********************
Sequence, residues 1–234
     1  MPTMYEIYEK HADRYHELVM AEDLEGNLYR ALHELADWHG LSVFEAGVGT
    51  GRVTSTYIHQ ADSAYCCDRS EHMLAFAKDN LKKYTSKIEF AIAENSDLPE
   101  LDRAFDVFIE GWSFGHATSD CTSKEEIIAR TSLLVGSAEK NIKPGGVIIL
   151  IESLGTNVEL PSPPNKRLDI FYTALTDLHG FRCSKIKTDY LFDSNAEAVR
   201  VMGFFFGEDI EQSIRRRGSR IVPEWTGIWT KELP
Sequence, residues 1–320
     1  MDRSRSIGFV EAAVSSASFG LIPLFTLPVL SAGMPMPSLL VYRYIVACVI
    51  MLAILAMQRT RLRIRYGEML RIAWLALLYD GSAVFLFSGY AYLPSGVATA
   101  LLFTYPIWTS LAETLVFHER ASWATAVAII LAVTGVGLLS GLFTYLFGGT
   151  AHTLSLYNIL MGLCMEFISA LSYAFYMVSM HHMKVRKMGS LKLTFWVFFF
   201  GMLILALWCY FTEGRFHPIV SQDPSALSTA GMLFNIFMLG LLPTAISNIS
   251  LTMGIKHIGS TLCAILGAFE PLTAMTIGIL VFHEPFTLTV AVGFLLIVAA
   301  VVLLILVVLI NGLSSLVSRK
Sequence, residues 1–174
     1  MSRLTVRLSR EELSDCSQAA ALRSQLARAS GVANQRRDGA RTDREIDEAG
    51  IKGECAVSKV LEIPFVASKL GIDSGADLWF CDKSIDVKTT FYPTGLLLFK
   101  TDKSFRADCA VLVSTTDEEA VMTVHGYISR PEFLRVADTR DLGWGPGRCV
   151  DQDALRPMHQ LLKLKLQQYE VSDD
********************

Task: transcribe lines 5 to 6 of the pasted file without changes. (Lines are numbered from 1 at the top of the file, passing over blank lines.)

   151  IESLGTNVEL PSPPNKRLDI FYTALTDLHG FRCSKIKTDY LFDSNAEAVR
   201  VMGFFFGEDI EQSIRRRGSR IVPEWTGIWT KELP